Find a rich investor.
I’d go to a fine art school, I never trained as a graphic designer at a school.
I fell in love with design when I could execute my ideas to paper at a young age.
Any book from Unit Editions catalogue.
Jeremy Evans, Matt Kitto and Kirsty Dawn, all creatives leading design projects across many different commercial industries.
Growing into a team so I could share my ideas with other intelligent cool people, then rebranding this year has been a huge highlight.
1. Design is hard, don’t underestimate how long design can take.
2. Human conversations solve things 10 times faster than computers.
3. Listen to your clients.
4. Don’t overcommit your studios production calendar.
5. Don’t stoop on quality to get work out the door, it's better to keep the bar high for studio satisfaction and staff moral.
The world is so populated with design, good and bad, invisible design is the best design, so less embellishment, more clever thinking.
Keep paying my designers wages! Aside from that push our studio and its work onto the world stage.
We try to offer two internships per year if we can fit them into our busy schedule. One in March for 1 month and 1 in August for 1 month. We judge whether we’d take someone on purely based on their online portfolio.
Learn the technical skills because the ideas should come naturally. Once you have both you become a product of desire for design directors.
Clean pragmatic work, nothing too trendy.
Across the board skills, strong conceptually with good technical skills to execute their ideas.
I didn’t study anywhere, my first job was doing packaging graphics for a New Zealand beverage company. It taught me a lot about print production and how to build vector art into nice print outcomes.
My role as creative director is to provide an environment where my designers feel comfortable to confidently express their ideas. I'm in charge of all communications from sales to important creative decision making process’s. I build relationships on a daily basis with new and existing clients and suppliers to solve creative problems. This takes up 65-70 hours worth of my time every week. I wear a lot of hats!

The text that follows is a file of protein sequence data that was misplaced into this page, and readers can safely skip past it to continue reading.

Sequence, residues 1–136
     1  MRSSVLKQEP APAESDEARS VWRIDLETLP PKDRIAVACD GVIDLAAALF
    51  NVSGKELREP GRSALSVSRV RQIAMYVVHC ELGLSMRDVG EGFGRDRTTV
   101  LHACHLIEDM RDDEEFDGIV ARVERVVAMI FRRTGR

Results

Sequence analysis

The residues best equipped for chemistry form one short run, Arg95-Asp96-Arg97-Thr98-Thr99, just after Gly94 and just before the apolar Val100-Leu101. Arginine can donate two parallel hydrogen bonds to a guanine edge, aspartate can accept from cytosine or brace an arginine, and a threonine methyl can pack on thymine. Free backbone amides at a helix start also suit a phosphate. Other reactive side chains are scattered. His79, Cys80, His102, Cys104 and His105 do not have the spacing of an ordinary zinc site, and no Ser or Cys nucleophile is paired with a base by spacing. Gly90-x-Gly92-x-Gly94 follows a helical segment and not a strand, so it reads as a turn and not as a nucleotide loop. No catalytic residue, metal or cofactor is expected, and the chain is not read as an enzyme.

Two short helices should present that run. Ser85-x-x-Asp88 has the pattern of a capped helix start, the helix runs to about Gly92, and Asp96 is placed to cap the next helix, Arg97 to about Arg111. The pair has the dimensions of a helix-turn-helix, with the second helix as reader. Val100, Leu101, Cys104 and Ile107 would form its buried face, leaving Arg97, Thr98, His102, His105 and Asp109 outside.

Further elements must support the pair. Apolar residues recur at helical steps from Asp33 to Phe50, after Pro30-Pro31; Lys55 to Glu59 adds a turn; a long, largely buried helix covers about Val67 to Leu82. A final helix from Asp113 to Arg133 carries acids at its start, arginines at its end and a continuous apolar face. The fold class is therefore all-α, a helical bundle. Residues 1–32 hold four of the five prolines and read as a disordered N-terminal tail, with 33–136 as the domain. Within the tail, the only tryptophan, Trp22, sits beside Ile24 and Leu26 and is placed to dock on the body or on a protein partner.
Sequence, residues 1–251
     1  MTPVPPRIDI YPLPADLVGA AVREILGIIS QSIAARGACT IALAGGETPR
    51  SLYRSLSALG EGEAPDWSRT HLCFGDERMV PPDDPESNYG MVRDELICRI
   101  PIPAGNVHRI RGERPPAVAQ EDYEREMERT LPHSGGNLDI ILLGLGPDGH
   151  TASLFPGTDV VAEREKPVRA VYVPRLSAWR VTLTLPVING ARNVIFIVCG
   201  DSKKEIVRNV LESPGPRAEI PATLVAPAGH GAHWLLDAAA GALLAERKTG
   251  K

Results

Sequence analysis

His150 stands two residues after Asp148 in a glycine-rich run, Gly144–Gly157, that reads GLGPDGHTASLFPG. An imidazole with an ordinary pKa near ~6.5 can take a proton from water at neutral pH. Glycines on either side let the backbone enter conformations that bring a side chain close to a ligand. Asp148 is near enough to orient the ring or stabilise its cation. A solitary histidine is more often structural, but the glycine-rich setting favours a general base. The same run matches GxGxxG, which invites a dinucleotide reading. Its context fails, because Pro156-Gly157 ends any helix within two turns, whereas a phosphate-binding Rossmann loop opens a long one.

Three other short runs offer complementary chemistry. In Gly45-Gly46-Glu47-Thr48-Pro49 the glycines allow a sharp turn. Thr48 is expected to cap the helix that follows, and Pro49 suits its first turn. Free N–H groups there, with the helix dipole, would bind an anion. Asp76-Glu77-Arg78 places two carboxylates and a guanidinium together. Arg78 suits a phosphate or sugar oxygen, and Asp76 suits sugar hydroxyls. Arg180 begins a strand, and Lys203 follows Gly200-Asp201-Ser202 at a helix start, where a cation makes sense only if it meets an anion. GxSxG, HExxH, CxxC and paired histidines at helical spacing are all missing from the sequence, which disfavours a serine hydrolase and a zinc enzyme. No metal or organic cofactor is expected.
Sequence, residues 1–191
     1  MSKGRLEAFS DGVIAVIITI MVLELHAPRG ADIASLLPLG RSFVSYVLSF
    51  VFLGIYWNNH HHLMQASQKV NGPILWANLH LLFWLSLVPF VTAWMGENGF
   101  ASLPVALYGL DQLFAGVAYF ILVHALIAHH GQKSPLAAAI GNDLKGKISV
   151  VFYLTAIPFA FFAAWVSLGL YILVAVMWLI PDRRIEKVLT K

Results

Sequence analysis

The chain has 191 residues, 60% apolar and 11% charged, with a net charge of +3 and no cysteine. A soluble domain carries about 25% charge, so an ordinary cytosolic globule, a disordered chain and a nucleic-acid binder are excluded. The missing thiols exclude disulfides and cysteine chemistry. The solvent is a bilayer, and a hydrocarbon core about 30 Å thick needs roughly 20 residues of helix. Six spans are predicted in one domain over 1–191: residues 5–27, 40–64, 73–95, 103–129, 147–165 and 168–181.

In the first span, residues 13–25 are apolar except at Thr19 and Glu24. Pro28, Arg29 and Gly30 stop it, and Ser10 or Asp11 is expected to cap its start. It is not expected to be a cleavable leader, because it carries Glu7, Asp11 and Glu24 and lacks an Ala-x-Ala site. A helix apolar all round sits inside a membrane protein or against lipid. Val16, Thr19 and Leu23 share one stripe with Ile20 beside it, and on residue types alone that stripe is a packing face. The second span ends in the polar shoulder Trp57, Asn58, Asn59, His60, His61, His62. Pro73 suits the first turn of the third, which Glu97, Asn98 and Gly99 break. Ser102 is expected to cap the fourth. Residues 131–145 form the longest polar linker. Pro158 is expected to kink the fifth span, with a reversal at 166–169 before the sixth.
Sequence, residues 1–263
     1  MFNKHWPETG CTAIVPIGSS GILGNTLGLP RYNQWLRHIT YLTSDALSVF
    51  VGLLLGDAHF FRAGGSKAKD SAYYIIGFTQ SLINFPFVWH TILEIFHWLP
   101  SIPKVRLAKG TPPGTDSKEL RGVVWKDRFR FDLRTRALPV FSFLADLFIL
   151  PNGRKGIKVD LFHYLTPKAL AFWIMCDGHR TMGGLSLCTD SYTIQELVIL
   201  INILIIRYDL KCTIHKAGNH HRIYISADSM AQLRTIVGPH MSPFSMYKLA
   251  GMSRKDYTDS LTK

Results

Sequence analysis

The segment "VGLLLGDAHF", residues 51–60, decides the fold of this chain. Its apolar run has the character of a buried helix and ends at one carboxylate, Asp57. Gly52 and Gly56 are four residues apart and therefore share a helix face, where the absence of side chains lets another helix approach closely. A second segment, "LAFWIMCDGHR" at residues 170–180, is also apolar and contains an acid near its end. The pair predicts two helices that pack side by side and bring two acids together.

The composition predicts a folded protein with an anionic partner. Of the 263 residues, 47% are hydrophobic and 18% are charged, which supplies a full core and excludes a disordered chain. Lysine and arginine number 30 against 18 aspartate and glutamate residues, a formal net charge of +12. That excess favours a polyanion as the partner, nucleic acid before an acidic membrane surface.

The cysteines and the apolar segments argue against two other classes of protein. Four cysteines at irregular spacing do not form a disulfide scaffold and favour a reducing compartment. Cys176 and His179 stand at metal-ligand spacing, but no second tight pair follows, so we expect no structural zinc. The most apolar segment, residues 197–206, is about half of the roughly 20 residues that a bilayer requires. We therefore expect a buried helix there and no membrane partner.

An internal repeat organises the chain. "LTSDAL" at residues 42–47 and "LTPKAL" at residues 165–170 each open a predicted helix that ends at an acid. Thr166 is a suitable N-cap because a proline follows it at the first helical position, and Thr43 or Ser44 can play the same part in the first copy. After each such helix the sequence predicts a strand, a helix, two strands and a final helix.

Our recent project for our new studio name was a very passionate project, limitless in budget, so very enjoyable to produce.
Spelling someones business name wrong when presenting their identity! Always check your work before presenting.
Professionally I'm extending my creative strategy skills, as our projects become large and detailed across more layers, the need for strategy and definition of design purpose is key. I'm also still trying to learn to spell better. Personally – I'm getting married to my best friend, she is my world outside of work. We’re also renovating our house a little.
Sharing design stories is intuitive and understanding how others work is nice, so I’d like to see as much of that as possible. Less tax from the government on the design industry would be good.
We are a very inhouse style studio, we take pride in trying to produce everything. We often collaborate with local based artist Elliot O Donnell, (TMD) the guy is so talented. We collaborate with Torque Productions a lot with high end fabrications.
I recently did a lecture at Whitecliffe School of Design to the 4th year students about how to prepare for the commercial world. I think all students need to be very focused moving into the commercial world, it's competitive out there.
1. Haha, I'm a pretty honest guy.
2. I've used the same font for a few logos...!
3. I've sold expensive design solutions to my good friends!
Bonus. I didn’t go to school! Whoops
The digital landscape is a monumental part of just about every large identity we do. Applying the same principles you would use for print design is creating a much simpler web environment. I'm enjoying where the web is heading.
I've worked on some shocking projects, it would be embarrassing to publicly list anything so I’ll just say I've sold my soul and integrity just to get a project over the line a few times. It's normal I think!